NAME: Luke McIntyre
What is your business? Give us the elevator pitch.
YeahNah is a mobile app and platform for the time poor and opinion rich. Right now we are gearing up for our launch early next year, so look out for us!
Unfortunately we can’t say much more at the moment as we are in stealth mode…shhhh. But if you want us to keep you in the loop, then go to yeahnah.com and sign up to be on our early access mailing list.
If you could time travel back to day one of your startup and have 15min with your former self to communicate any lessons you’ve acquired, what advice would you give yourself?Execution, execution, execution. When I first started out, I always thought the idea was the defining success factor for a company; the silver bullet that would make or break it. Turns out that’s only half the story (if not less). Surrounding yourself with the right people to make something happen is massively key. The old saying of it’s not what you know, it’s who you know rings true more than ever. When you have a great team who can execute well, stuff like funding, a solid product and a compelling business model tends to follow naturally.
List 3 qualities that you believe are essential to the character of an entrepreneur.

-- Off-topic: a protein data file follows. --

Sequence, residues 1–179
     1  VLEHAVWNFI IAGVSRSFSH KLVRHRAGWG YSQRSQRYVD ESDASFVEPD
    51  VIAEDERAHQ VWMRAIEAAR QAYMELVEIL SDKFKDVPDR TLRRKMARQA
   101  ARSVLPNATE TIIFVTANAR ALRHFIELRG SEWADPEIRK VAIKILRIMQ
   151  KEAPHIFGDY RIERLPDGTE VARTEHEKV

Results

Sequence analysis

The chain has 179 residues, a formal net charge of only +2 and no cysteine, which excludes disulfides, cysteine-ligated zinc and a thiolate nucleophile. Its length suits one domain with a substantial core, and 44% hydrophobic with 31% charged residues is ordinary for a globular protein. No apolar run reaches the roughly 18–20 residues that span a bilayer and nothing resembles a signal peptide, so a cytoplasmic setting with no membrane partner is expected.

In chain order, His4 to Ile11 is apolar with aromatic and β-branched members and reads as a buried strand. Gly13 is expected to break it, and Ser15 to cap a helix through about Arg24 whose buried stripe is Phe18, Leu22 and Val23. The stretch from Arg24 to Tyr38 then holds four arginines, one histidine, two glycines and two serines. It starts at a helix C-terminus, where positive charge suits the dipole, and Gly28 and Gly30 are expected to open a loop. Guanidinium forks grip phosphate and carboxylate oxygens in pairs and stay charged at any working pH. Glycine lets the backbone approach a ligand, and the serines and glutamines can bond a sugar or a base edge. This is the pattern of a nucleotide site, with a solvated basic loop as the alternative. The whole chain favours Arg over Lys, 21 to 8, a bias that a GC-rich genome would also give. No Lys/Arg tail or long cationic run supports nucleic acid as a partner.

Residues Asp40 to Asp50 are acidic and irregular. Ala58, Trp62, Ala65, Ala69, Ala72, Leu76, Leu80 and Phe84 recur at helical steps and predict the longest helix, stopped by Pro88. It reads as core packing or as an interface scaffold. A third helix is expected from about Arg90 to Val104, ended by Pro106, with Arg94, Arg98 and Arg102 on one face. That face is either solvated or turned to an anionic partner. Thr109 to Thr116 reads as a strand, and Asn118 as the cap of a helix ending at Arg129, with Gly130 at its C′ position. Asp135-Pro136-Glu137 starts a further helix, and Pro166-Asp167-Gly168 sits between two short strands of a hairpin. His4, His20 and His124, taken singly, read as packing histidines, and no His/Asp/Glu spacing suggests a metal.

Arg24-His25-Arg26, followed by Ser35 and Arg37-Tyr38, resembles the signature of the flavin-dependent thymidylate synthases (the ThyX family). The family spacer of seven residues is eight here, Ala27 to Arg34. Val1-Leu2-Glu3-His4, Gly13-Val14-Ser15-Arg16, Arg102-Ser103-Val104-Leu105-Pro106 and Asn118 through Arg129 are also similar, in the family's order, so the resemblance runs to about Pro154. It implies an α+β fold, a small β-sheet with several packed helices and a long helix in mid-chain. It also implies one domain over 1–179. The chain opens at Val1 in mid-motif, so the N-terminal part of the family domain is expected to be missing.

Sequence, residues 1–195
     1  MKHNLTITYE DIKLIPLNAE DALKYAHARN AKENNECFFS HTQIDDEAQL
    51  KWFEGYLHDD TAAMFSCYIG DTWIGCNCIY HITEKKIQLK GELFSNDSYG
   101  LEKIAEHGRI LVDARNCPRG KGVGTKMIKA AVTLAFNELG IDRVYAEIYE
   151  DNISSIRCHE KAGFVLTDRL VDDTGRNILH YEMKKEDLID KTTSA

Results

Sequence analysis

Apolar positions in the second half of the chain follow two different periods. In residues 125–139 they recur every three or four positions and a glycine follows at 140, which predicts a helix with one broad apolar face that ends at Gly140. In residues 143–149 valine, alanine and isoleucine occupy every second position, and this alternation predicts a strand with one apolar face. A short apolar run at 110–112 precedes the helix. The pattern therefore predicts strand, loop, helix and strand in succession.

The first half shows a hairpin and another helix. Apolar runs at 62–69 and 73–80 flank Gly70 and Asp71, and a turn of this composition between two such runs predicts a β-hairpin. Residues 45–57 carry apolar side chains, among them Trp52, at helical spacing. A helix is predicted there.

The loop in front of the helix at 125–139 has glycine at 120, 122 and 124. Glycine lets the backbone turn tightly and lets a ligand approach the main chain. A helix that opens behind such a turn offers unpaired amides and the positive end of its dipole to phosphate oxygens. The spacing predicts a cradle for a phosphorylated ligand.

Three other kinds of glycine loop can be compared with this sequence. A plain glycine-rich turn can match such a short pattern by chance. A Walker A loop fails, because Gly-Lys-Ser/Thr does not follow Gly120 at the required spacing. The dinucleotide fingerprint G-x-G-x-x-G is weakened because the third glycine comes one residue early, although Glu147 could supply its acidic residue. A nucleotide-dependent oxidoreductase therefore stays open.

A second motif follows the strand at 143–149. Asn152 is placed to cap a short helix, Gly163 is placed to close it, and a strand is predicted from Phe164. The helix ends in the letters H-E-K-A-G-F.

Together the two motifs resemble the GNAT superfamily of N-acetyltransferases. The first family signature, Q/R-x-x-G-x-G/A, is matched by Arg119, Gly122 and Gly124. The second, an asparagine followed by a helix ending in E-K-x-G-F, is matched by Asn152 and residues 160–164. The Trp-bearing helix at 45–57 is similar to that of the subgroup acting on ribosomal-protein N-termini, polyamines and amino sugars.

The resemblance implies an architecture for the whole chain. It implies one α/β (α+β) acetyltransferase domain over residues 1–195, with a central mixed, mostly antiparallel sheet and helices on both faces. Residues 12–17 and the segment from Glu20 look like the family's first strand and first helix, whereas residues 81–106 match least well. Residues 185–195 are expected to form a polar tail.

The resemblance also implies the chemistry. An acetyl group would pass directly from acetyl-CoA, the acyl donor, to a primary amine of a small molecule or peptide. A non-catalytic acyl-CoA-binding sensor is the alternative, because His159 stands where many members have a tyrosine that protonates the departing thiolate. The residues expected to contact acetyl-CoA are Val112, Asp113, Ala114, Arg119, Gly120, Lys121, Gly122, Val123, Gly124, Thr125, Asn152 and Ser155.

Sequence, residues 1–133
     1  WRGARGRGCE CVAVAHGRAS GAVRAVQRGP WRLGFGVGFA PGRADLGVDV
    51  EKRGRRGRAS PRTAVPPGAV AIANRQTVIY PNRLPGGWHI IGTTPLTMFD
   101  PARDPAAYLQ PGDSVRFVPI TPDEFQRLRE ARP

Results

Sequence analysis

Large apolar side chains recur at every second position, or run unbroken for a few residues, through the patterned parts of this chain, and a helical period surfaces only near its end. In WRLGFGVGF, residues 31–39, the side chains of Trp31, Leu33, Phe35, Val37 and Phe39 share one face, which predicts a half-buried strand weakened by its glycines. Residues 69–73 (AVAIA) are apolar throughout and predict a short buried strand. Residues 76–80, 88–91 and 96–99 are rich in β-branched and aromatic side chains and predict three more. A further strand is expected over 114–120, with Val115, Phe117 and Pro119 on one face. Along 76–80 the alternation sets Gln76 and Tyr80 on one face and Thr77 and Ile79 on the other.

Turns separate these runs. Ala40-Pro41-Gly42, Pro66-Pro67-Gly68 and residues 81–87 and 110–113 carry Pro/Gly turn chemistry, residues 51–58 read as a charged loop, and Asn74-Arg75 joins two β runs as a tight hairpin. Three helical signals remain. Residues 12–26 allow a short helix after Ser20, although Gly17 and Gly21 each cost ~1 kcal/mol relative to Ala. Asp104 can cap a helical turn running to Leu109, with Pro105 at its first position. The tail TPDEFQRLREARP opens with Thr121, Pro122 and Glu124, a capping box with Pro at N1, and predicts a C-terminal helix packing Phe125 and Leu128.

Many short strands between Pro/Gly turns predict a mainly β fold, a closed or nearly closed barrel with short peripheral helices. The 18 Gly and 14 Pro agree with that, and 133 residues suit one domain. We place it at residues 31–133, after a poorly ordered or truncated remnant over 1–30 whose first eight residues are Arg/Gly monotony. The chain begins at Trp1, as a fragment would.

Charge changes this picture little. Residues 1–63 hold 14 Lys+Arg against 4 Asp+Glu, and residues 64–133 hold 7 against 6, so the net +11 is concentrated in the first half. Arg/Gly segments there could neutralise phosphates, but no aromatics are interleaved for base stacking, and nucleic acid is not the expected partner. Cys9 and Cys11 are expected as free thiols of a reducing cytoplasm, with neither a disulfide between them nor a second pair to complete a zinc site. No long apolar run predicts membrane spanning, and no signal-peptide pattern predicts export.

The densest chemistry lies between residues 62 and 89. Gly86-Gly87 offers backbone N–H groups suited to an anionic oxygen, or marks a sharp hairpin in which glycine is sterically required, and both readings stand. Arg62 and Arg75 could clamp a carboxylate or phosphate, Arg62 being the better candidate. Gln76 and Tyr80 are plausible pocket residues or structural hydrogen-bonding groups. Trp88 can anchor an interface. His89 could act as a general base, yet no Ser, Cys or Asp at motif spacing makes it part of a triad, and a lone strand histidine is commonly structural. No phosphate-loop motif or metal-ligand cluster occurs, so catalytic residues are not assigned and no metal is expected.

How does your job now compare to childhood dreams? Did you expect to be running your own company?
I’ve always had a strong interest in all things tech. From an early age I can remember having a keen hobby of breaking stuff apart and wanting to know how it worked inside – much to the concern of my parents (who’s many appliances I ruined!).
I certainly think growing up in the ‘digital native’ generation has served me well also. Once I got a bit older I started to see the likes of Mark Zuckerberg, Sam Morgan etc make it big in tech – there was actually a career in this.
At school I got involved in the Young Enterprise Program and although it was mostly an academic exercise, it really peaked my interest in the start up space.
It really made me think “this is what I want to do” and as I quickly got bored with school, I decided to leave at the ripe old age of 15 to make it real. I then kicked my first startup Omex.tv into high gear and after that there was no going back!
How do you feel about the startup ecosystem in New Zealand? Where do we excel and where do we need to strengthen?
NZ is great place to start a company, but a terrible place to scale one. In my opinion, the absence of ‘new money’ and the ‘smart money’ that is synonymous with it, has prevented a lot of the resources necessary for companies to compete globally.
Ideally we need a lot more education and advisory around the global startup scene. Too many NZ founders start No.8 wire style ventures only to realise down the track that they have taken too much local investment and that their business won’t scale.
There are lots of startup cities around the world facing the exact same problem and it’s not an overnight fix.
I think ultimately it will take several years and perhaps a bunch of high profile exits to really mature the NZ ecosystem to the point where it can provide some of those later stage support services startups desperately need.